by Charles Platkin, PhD


ASPARTAME (Marketed as NutraSweet, Equal, Canderel, or Spoonful)
Aspartame is one of the most popular sweeteners on the market and is used in more than 6,000 products around the world. It’s been around since 1965 (discovered while testing drugs for ulcers), was approved by the FDA in 1981, and is 200 times sweeter than table sugar. Aspartame is made up of two amino acids that are naturally found in meats, grains, and dairy products. It can lose its sweetness if it reaches excessive heat; therefore, it’s not ideal for baking. To come close to the FDA’s Acceptable Daily Intake (ADI), a 150-pound adult would have to consume 20 12-ounce diet sodas per day or 97 packets of NutraSweet.

The Rumors: Aspartame is dangerous; causes cancer, brain tumors, hypoglycemia, multiple sclerosis, lupus, and Alzheimer’s; and is unsuitable for diabetics. Some people have reported dizziness, hallucinations, or headaches after drinking diet soda.

The Research: In hundreds of clinical studies from scientists around the world, as well as investigations by the Centers for Disease Control (CDC), there has been no evidence of health risk from aspartame consumption. “After listening to and investigating many of the rumors related to aspartame over the years, I’m most certainly convinced that they have absolutely no merit. In fact, many can be attributed to other unrelated events — such as eating very little and drinking lots of diet soda — then claiming aspartame created a headache,” says Susan Schiffman, Ph.D., professor of medical psychology at Duke University Medical Center. Still other experts remain cautiously optimistic. Michael F. Jacobson, Ph.D., executive director of the Center for Science in the Public Interest explains, “Aspartame appears to be safe, but should be retested since it is so widely consumed — just to be assured that it’s safe in terms of cancer. As for the neurobehavioral problems, there doesn’t seem to be any evidence. If you are sensitive — don’t use it.”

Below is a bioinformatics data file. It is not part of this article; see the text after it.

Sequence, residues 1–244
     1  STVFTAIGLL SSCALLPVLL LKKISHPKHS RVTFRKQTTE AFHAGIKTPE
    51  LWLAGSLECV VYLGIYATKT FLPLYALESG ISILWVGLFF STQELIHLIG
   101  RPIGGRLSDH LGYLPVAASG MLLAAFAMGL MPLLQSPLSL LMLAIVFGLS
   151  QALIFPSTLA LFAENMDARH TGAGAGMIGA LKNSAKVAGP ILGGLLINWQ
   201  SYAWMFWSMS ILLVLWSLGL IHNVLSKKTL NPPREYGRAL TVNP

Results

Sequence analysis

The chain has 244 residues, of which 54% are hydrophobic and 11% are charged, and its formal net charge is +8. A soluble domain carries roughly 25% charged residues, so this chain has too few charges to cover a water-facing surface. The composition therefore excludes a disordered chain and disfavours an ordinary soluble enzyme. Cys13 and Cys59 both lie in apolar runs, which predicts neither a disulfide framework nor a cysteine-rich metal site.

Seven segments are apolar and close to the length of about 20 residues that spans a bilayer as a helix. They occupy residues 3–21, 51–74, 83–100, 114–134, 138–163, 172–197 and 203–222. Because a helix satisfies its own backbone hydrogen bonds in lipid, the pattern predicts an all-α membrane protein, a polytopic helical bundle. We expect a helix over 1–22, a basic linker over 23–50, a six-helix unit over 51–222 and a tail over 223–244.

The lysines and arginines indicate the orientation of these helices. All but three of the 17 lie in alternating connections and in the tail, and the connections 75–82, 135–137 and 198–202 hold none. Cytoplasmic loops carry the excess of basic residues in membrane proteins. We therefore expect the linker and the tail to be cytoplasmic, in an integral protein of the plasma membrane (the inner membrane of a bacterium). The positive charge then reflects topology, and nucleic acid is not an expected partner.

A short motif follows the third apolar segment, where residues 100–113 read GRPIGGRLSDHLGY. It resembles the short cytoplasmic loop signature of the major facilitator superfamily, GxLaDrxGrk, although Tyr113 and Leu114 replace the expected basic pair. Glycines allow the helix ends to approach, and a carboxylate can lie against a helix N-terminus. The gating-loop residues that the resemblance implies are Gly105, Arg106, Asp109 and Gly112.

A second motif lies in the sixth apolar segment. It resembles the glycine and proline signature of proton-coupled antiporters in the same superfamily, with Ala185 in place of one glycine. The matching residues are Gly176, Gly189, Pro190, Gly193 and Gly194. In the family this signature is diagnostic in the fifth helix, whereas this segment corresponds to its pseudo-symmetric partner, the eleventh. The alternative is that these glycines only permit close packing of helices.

One side note: there is a rare genetic condition called phenylketonuria (PKU). These individuals cannot metabolize phenylalanine (one of the amino acids in aspartame) and need to avoid products with aspartame. All products containing aspartame have a mandatory warning label specific to this condition.

Bottom Line: Aspartame seems okay, but I’m going to limit myself to a couple diet sodas and a few blue packets a day.

SACCHARIN (Marketed as Sweet’N Low and Sugar Twin)
This is the granddaddy of artificial sweeteners and has been around since 1879. It is 300 times sweeter than sugar and has no calories. One of its main problems, aside from rumors of it being carcinogenic, is its distinctive and strong bitter aftertaste.

The Rumors: It causes cancer.

The Research: According to many experts, you’d have to drink 750 cans of diet soda or have 10,000 tablets of saccharin a day, every day for your entire life to cause a problem. Despite this, several scientists still don’t feel comfortable with the decision to remove the cancer warning label. They claim that many studies on animals have shown that saccharin can cause cancer of the urinary bladder. “It’s just not completely safe. They did testing on rats, and who knows if as humans we are more or less sensitive? At the very least, I would caution against giving saccharin to children,” says Emmanuel Farber, M.D., Ph.D., adjunct professor of pathology, University of South Carolina School of Medicine.

Bottom Line: I’m probably going to avoid using saccharin.

ACESULFAME-POTASSIUM (Acesulfame-K or Ace-K, marketed as Sunette or Sweet-One)
Though a newcomer to the marketplace, acesulfame-K is gaining popularity and is now used in thousands of foods, beverages (e.g., Diet Sunkist and Pepsi One), and pharmaceutical products. It contains four calories per gram, but it’s 200 times sweeter than sugar (so you need a lot less). Although it’s been around since 1967, the FDA approved its use in 1998. Acesulfame-K is often used as a blend with other sweeteners, usually for the purpose of improving taste and stability in foods.

The Rumors: There have been claims that acesulfame-K causes cancer in animals and that the FDA approval of this product was based on flawed studies.

The Research: The British Medical Journal in 1996 validates the rumors. Many scientists voice their concerns in this paper about the need for more studies to determine whether or not acesulfame-K is carcinogenic. “The studies on acesulfame-K used very poor quality testing, and there are suggestions that it can cause cancer. The product needs to be retested by an independent third party. Until then I suggest to try and avoid it,” warns Dr. Jacobson.

Bottom Line: This one makes me nervous.

SUCRALOSE (Marketed as Splenda)